Interestingly enough, the combined deficit in Aaron Rodgers' five fourth-quarter comeback wins is 16 points. Flynn, a quarterback who has done literally nothing in the NFL since Week 17 of the 2011 season, came this close to doing that in one game.

Ponder had 41 seconds left at his own 30, but could only move it 14 yards before punting. Flynn took a knee for overtime. The Packers won the coin toss and the home crowd went nuts, but it's only a great thing if you make it count. A defensive holding penalty was all that kept the Packers from going three-and-out. Flynn hit three big passes in a row to three different wide receivers, setting up a first-and-goal at the Minnesota 7.

Now it's easy to say Lacy (110 rushing yards) was having a great game, but to run him on first and second down is pretty conservative if Mike McCarthy really wanted to win the game. Flynn gave Jordy Nelson no shot at a catch on third-and-goal. Facing fourth-and-goal from the Minnesota 2, McCarthy should have gone for the win. He had Crosby kick the 20-yard field goal instead.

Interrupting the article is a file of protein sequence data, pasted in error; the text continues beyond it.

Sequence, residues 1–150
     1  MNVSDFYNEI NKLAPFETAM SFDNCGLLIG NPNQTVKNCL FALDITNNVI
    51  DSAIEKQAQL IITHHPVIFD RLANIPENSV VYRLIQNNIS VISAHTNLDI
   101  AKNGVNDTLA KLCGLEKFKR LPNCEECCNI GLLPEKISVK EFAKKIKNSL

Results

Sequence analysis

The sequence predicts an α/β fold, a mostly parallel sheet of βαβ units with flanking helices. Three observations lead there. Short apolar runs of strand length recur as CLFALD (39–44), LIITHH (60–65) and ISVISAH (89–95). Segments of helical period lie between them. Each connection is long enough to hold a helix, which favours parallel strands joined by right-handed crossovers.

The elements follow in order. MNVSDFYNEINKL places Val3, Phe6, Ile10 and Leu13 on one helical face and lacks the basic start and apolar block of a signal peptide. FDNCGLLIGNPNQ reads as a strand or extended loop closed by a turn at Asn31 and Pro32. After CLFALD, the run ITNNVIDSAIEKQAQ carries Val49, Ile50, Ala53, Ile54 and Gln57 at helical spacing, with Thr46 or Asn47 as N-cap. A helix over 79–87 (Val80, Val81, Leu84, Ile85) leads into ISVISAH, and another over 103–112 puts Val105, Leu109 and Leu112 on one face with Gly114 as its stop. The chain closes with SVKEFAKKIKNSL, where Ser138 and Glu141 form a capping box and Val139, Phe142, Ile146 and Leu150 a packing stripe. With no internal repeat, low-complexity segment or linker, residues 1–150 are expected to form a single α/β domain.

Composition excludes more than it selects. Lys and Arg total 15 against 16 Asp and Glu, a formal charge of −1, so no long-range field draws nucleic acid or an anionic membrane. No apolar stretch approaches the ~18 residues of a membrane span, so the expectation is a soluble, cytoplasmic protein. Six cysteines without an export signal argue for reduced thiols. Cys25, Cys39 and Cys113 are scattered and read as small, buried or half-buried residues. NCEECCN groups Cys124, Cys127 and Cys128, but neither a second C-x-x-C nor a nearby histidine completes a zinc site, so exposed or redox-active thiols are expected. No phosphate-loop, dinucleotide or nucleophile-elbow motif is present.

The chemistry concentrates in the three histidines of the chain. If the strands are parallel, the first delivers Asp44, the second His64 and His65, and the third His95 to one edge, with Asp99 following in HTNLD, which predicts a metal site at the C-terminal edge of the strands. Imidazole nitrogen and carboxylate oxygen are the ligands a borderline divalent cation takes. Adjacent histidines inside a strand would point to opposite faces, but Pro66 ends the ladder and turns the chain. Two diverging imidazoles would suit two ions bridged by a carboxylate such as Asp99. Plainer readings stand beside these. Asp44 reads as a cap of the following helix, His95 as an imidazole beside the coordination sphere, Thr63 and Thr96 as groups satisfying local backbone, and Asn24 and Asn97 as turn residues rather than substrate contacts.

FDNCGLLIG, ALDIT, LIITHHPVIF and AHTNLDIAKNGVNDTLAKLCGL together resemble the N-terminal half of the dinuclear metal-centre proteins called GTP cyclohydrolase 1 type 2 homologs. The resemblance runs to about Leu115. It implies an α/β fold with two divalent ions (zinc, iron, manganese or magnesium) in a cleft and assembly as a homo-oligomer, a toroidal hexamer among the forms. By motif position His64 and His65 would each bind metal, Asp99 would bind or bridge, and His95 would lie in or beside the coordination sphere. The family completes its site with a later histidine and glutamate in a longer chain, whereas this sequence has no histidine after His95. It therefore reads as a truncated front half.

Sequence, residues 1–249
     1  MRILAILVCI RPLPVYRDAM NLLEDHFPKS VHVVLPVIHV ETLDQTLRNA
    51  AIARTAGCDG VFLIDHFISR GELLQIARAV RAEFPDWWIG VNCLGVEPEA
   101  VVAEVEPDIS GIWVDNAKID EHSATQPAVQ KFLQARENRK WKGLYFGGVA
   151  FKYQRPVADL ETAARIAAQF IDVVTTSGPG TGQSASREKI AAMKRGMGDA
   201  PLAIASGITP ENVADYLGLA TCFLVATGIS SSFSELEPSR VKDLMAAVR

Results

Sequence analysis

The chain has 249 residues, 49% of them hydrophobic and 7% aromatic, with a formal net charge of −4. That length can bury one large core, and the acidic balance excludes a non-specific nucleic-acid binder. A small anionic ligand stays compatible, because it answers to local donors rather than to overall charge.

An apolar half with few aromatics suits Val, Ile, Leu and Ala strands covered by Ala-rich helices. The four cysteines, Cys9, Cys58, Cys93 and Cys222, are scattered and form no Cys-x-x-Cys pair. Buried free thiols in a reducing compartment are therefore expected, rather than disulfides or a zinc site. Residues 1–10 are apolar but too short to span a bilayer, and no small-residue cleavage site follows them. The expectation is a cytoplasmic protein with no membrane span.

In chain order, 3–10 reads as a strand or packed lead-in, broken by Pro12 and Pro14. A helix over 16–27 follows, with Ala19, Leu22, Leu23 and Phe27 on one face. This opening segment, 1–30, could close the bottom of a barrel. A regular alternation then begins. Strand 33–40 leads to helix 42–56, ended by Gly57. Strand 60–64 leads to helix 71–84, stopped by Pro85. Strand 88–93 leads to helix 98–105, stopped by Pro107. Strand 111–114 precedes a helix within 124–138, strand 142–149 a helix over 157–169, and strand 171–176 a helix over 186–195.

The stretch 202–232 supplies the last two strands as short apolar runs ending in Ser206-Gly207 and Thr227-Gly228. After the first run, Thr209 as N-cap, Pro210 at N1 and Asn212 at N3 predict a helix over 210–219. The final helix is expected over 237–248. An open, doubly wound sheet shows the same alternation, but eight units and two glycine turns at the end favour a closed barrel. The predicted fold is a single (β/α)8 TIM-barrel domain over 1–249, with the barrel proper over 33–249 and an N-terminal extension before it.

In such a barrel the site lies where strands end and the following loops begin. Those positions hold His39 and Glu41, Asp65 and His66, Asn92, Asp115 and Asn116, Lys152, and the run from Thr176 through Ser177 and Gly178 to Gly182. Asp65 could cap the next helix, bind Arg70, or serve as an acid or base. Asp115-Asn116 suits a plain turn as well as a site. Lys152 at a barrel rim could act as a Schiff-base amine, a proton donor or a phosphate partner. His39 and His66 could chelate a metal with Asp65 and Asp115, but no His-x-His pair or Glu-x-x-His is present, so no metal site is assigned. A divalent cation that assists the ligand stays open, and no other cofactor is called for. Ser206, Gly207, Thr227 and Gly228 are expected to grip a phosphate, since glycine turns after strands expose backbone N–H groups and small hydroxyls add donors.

That was only the fifth time a team kicked a field goal on the first drive, so we rarely get to see this unique situation where a team gets to use four downs to move down the field in a one-score game with no concern over the clock. It was easy to see the advantages of four-down football when Ponder handed off to Adrian Peterson on a third-and-9 draw. It worked for a 15-yard gain. Toby Gerhart had some good runs too as the Vikings rolled up 232 yards on the ground.

Minnesota had a first down at the Green Bay 13. Gerhart carried for one yard before Peterson lost five. Again, we have two teams with the chance to win the game with a touchdown and both called a run on first and second down. Where's the play-action pass? Where's the willingness to earn this win? Green Bay needed it more than Minnesota, yet it was I-formation football going nowhere.

On third-and-14, Ponder had Cordarrelle Patterson in the end zone, but the ball was tipped just enough to end as an incompletion. Blair Walsh kicked the 35-yard field goal and for just the second time ever, both teams scored in overtime.

The long drives meant only 3:49 remained. Both teams went three-and-out, but Greg Jennings dropped a very catchable pass on third down for Minnesota. I guess Sunday was "Help Your Old Team In Overtime Day." Flynn had 1:59 left at his own 10, but it was an ugly 17-yard drive with three penalties on Green Bay's offensive line. McCarthy punted, giving the Vikings one last play from their own 34. Patterson made the catch for 21 yards, but did not even try a lateral and the game was over. A 26-26 tie.

This game made some dubious history. Flynn becomes the first NFL quarterback to lead a go-ahead drive in overtime and not win the game. Ponder becomes the first NFL quarterback to lead an overtime comeback for a tie (and without any presence of a fourth-quarter comeback). That "OTC" did not mean "over the counter." It's a first and I hate it.